Securitization and moral hazard: evidence from credit score cutoff rules
AbstractMortgage originators use credit score cutoff rules to determine how carefully to screen loan applicants. Recent research has hypothesized that these cutoff rules result from a securitization rule of thumb. Under this theory, an observed jump in defaults at the cutoff would imply that securitization led to lax screening. We argue instead that originators adopted credit score cutoff rules in response to underwriting guidelines from Fannie Mae and Freddie Mac and offer a simple model that rationalizes such an origination rule of thumb. Under this alternative theory, jumps in default are not evidence that securitization caused lax screening. We examine loan-level data and find that the evidence is inconsistent with the securitization rule-of-thumb theory but consistent with the origination rule-of-thumb theory. There are jumps in the number of loans and in their default rate at credit score cutoffs in the absence of corresponding jumps in the securitization rate. We conclude that credit score cutoff rules provide evidence that large securitizers were to some extent able to regulate originators' screening behavior.
Download InfoIf you experience problems downloading a file, check if you have the proper application to view it first. In case of further problems read the IDEAS help page. Note that these files are not on the IDEAS site. Please be patient as the files may be large.
Bibliographic InfoPaper provided by Federal Reserve Bank of Boston in its series Public Policy Discussion Paper with number 11-6.
Date of creation: 2011
Date of revision:
This paper has been announced in the following NEP Reports:
- NEP-ALL-2011-10-09 (All new papers)
- NEP-BAN-2011-10-09 (Banking)
- NEP-FMK-2011-10-09 (Financial Markets)
- NEP-URE-2011-10-09 (Urban & Real Estate Economics)
Please report citation or reference errors to , or , if you are the registered author of the cited work, log in to your RePEc Author Service profile, click on "citations" and make appropriate adjustments.:
- Kristopher Gerardi & Adam Hale Shapiro & Paul S. Willen, 2007.
"Subprime outcomes: risky mortgages, homeownership experiences, and foreclosures,"
07-15, Federal Reserve Bank of Boston.
- Paul S. Willen & Adam Hale Shapiro & Kristopher Gerardi, 2008. "Subprime Outcomes: Risky Mortgages, Homeownership Experiences, and Foreclosures," 2008 Meeting Papers 345, Society for Economic Dynamics.
- Imbens, Guido W. & Lemieux, Thomas, 2008.
"Regression discontinuity designs: A guide to practice,"
Journal of Econometrics,
Elsevier, vol. 142(2), pages 615-635, February.
- Guido Imbens & Thomas Lemieux, 2007. "Regression Discontinuity Designs: A Guide to Practice," NBER Working Papers 13039, National Bureau of Economic Research, Inc.
- Guido Imbens & Thomas Lemieux, 2007. "Regression Discontinuity Designs: A Guide to Practice," NBER Technical Working Papers 0337, National Bureau of Economic Research, Inc.
- Vikrant Vig & Amit Seru & Tomasz Piskorski, 2009.
"Securitization and Distressed Loan Renegotiation: Evidence from the Subprime Mortgage Crisis,"
2009 Meeting Papers
1169, Society for Economic Dynamics.
- Piskorski, Tomasz & Seru, Amit & Vig, Vikrant, 2010. "Securitization and distressed loan renegotiation: Evidence from the subprime mortgage crisis," Journal of Financial Economics, Elsevier, vol. 97(3), pages 369-397, September.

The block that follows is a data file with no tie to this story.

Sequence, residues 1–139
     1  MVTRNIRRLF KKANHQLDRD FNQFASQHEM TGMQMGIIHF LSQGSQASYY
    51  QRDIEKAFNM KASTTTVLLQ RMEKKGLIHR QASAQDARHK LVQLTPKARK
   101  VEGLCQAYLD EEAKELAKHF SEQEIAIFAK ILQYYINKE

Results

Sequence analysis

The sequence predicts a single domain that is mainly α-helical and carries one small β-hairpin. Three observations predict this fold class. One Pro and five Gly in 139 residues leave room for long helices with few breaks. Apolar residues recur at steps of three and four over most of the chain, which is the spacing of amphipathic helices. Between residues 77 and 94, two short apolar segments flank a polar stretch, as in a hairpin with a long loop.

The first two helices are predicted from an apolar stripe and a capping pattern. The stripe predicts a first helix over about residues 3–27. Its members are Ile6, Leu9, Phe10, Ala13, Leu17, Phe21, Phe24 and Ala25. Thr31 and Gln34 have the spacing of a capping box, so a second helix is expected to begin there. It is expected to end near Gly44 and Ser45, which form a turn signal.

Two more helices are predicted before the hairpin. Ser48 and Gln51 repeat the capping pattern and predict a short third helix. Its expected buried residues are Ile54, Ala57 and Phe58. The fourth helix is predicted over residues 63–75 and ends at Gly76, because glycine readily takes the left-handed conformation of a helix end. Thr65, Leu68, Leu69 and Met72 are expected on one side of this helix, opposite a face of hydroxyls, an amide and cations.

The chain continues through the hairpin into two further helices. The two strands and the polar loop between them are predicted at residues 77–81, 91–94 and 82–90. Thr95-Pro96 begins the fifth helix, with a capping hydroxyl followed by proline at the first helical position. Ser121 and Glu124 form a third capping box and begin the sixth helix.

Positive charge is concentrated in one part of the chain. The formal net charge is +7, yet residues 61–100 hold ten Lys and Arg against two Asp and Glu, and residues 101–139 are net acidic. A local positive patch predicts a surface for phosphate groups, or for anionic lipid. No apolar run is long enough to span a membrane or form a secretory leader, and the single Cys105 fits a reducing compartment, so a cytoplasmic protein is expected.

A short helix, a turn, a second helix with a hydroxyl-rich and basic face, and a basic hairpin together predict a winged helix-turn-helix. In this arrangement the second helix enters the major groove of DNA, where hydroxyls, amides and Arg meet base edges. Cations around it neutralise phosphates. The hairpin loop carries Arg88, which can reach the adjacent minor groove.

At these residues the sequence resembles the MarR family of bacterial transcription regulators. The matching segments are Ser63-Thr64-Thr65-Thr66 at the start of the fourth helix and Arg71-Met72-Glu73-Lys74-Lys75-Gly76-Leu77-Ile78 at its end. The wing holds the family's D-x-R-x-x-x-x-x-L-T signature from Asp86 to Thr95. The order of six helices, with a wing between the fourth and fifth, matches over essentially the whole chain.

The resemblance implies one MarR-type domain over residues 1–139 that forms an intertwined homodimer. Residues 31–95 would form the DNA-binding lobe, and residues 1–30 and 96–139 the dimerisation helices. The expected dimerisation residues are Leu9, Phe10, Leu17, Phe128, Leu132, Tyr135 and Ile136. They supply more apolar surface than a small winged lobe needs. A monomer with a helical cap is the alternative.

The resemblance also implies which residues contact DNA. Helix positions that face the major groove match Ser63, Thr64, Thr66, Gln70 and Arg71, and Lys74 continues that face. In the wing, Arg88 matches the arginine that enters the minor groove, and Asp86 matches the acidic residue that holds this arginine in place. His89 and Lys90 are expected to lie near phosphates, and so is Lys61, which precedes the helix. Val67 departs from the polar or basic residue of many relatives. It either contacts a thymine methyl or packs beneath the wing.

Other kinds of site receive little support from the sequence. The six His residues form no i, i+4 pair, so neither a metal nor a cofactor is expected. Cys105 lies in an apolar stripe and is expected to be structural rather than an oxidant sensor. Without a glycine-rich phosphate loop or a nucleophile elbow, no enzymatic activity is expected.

- John Krainer & Elizabeth Laderman, 2009. "Mortgage loan securitization and relative loan performance," Working Paper Series 2009-22, Federal Reserve Bank of San Francisco.
- repec:oup:rfinst:v:25:y::i:7:p:2071-2108 is not listed on IDEAS
- McCrary, Justin, 2008. "Manipulation of the running variable in the regression discontinuity design: A density test," Journal of Econometrics, Elsevier, vol. 142(2), pages 698-714, February.
- Ryan Bubb & Alex Kaufman, 2011. "Further investigations into the origin of credit score cutoff rules," Working Papers 11-12, Federal Reserve Bank of Boston.
- Manuel Adelino & Kristopher Gerardi & Paul S. Willen, 2009.
"Why don't lenders renegotiate more home mortgages? redefaults, self-cures, and securitization,"
2009-17, Federal Reserve Bank of Atlanta.
- Manuel Adelino & Kristopher Gerardi & Paul S. Willen, 2009. "Why Don't Lenders Renegotiate More Home Mortgages? Redefaults, Self-Cures and Securitization," NBER Working Papers 15159, National Bureau of Economic Research, Inc.
- Manuel Adelino & Kristopher Gerardi & Paul S. Willen, 2009. "Why don't lenders renegotiate more home mortgages?: redefaults, self-cures, and securitization," Public Policy Discussion Paper 09-4, Federal Reserve Bank of Boston.
- Benjamin J. Keys & Tanmoy Mukherjee & Amit Seru & Vikrant Vig, 2010. "Did Securitization Lead to Lax Screening? Evidence from Subprime Loans," The Quarterly Journal of Economics, MIT Press, vol. 125(1), pages 307-362, February.
- Keys, Benjamin J. & Mukherjee, Tanmoy & Seru, Amit & Vig, Vikrant, 2009. "Financial regulation and securitization: Evidence from subprime loans," Journal of Monetary Economics, Elsevier, vol. 56(5), pages 700-720, July.
- Hoffmann, Mathias & Krause, Michael U. & Laubach, Thomas, 2012.
"Trend growth expectations and US house prices before and after the crisis,"
12/2012, Deutsche Bundesbank, Research Centre.
- Hoffmann, Mathias & Krause, Michael U. & Laubach, Thomas, 2012. "Trend growth expectations and U.S. house prices before and after the crisis," Journal of Economic Behavior & Organization, Elsevier, vol. 83(3), pages 394-409.
- Bhardwaj, Geetesh & Sengupta, Rajdeep, 2012. "Subprime mortgage design," Journal of Banking & Finance, Elsevier, vol. 36(5), pages 1503-1519.
For technical questions regarding this item, or to correct its authors, title, abstract, bibliographic or download information, contact: (Catherine Spozio).
If references are entirely missing, you can add them using this form.